Dashing spirit launched industry

Magnificent men in flying machines built air capital

By Nunzio Lupo

The Wichita Eagle

This article originally appeared in the Eagle on Monday, October 8, 1984.

In 1930, journalist John T. Nevill asked the question:

“How is it . . . that this comparatively small mid-plains city ranks

alongside of New York, Detroit or Los Angeles in the manufacture of the

world’s newest vehicle of transportation?”

It’s a question still asked today. How is it that Kansas, a state known

for both its agricultural bounty and the Wizard of Oz more than anything else,

became a major producer of aircraft?

How, indeed? All it took was a handful of men possessing some vision, much

daring entrepreneurial spirit, a love of flying, and, importantly, money. From

their efforts an industry has grown that today employs some 37,500 Kansans who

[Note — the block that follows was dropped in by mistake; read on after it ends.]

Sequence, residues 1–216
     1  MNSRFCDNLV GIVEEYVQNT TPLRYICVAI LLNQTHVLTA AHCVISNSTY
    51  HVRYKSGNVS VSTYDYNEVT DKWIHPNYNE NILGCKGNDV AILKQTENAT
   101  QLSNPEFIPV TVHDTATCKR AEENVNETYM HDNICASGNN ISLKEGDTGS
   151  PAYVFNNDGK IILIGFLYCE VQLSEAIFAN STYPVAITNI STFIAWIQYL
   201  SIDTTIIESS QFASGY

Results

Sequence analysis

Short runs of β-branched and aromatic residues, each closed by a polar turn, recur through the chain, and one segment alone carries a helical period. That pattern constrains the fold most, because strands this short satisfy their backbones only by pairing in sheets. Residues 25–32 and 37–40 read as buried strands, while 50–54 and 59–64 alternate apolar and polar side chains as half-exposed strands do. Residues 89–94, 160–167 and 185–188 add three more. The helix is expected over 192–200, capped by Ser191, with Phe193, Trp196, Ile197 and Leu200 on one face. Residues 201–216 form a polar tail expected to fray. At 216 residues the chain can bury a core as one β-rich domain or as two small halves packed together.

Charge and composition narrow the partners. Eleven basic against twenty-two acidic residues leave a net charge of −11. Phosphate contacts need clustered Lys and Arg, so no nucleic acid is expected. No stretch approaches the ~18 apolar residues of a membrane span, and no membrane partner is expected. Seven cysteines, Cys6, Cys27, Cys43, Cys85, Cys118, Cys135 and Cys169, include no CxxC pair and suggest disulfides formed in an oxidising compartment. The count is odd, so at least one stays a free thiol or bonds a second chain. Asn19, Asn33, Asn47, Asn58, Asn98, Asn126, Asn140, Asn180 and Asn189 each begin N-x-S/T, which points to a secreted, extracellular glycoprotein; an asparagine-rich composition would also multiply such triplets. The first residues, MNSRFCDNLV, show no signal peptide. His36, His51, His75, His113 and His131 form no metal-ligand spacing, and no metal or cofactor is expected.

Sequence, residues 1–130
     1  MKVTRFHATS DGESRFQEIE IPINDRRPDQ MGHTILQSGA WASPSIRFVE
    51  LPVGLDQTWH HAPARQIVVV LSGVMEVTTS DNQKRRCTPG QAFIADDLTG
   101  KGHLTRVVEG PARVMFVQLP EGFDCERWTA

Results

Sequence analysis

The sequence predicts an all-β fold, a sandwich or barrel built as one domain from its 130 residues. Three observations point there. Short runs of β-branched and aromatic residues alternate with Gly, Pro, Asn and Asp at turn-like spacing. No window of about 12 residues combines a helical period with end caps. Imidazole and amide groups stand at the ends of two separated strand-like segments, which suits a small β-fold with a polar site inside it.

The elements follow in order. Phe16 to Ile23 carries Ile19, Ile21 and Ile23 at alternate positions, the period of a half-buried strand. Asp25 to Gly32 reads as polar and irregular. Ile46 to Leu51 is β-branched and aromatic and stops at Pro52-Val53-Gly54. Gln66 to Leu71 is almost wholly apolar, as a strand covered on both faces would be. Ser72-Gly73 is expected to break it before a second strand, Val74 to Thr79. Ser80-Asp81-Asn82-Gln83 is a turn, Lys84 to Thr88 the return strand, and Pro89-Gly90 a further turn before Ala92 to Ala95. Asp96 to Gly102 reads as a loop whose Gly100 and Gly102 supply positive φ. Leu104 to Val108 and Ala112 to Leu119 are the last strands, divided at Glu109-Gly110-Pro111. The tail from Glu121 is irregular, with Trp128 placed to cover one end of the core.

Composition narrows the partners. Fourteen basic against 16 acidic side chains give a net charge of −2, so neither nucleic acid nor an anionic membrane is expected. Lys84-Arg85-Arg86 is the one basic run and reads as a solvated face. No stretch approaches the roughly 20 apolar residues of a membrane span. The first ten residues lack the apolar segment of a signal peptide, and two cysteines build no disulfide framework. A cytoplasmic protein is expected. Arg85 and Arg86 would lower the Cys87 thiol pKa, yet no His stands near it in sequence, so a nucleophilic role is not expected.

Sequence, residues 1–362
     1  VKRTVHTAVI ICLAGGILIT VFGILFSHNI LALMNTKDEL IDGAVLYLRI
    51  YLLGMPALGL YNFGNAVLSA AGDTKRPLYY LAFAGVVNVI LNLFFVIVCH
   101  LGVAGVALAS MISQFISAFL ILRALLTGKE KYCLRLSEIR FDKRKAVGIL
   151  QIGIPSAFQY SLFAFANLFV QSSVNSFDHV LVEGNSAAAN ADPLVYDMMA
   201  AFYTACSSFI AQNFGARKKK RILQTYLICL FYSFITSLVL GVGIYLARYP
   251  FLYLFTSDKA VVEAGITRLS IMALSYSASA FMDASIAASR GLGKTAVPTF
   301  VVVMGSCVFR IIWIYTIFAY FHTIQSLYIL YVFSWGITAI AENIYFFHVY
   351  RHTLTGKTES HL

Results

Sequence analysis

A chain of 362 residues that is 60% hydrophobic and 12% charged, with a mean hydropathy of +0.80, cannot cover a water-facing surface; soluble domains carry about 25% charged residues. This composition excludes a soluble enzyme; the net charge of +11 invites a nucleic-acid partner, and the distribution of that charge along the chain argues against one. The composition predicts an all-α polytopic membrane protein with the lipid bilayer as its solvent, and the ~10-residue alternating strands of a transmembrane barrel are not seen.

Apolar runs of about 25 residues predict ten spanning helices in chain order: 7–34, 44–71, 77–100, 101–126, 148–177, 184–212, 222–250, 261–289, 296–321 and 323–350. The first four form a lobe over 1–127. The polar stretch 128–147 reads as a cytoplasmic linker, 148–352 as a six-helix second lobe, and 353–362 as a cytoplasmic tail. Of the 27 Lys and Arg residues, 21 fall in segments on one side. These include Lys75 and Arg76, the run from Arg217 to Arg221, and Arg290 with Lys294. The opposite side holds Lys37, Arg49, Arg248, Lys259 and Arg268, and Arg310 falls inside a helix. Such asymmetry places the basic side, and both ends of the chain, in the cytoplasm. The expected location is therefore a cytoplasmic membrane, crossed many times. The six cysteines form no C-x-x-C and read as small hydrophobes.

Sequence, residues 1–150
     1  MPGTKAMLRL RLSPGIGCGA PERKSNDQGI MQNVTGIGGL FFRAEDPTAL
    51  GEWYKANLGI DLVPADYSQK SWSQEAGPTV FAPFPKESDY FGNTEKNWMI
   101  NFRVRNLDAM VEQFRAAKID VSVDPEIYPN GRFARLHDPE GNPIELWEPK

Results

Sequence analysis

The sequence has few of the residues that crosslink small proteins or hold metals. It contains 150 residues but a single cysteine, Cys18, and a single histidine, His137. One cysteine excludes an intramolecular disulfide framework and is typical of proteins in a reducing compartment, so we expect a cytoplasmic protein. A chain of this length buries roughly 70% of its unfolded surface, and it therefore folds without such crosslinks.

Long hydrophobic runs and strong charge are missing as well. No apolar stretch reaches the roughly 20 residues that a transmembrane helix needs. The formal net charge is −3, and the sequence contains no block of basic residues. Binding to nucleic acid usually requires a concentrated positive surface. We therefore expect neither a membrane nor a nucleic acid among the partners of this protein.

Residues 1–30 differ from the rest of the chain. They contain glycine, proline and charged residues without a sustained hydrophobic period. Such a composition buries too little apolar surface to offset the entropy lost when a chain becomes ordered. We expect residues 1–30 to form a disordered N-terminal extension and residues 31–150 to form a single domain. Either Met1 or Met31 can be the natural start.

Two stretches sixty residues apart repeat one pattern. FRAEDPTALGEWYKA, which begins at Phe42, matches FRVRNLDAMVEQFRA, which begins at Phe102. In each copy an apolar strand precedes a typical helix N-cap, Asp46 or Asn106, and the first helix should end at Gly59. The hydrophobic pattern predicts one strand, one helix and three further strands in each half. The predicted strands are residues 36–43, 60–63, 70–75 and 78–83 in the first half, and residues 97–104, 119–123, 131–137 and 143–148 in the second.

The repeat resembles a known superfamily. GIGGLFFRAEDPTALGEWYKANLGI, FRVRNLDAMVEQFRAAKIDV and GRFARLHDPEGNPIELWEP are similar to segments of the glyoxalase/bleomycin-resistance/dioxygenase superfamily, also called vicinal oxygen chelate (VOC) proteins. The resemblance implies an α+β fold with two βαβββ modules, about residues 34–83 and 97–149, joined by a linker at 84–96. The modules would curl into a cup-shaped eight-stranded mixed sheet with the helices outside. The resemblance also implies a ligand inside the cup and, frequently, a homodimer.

make up almost 4 percent of the state’s non-farm work force.

According to the most recent figures from the U.S. Commerce Department,

almost 12 percent of the nation’s 146,200 aircraft production workers work in

Kansas. Together they earned almost $417 million in 1982. Kansas companies

shipped $2.6 billion worth of aircraft in 1982, about 9 percent of the total. More significant is Wichita’s role in general aviation. Manufacturers with

Wichita operations – Cessna Aircraft Co., Beech Aircraft Corp. and Gates

Learjet Corp. – account for about 60 percent of general aviation aircraft

delivered by U.S. companies and about 60 percent of general aviation billings.

These three lightplane manufacturers, along with Boeing Military Airplane

Co. and a number of support companies, together employ about 33,000 people in

the Wichita metropolitan area, about 16 percent of the non-farm workforce.

So Wichita claims the title, “Air Capital of the World.”

“We are the one spot in the world that manufactures more general aviation

aircraft than any other place,” says Jerry Mallot, president of the Wichita

Area Chamber of Commerce. “It doesn’t take more justification than that.

“It probably could have happened somewhere else,” Mallot says, “but the

right people were here, and they succeeded.”

“The right people,” by most recollections, include familiar names such as

Clyde Cessna, Walter Beech, Lloyd Stearman and, most importantly, oilman Jacob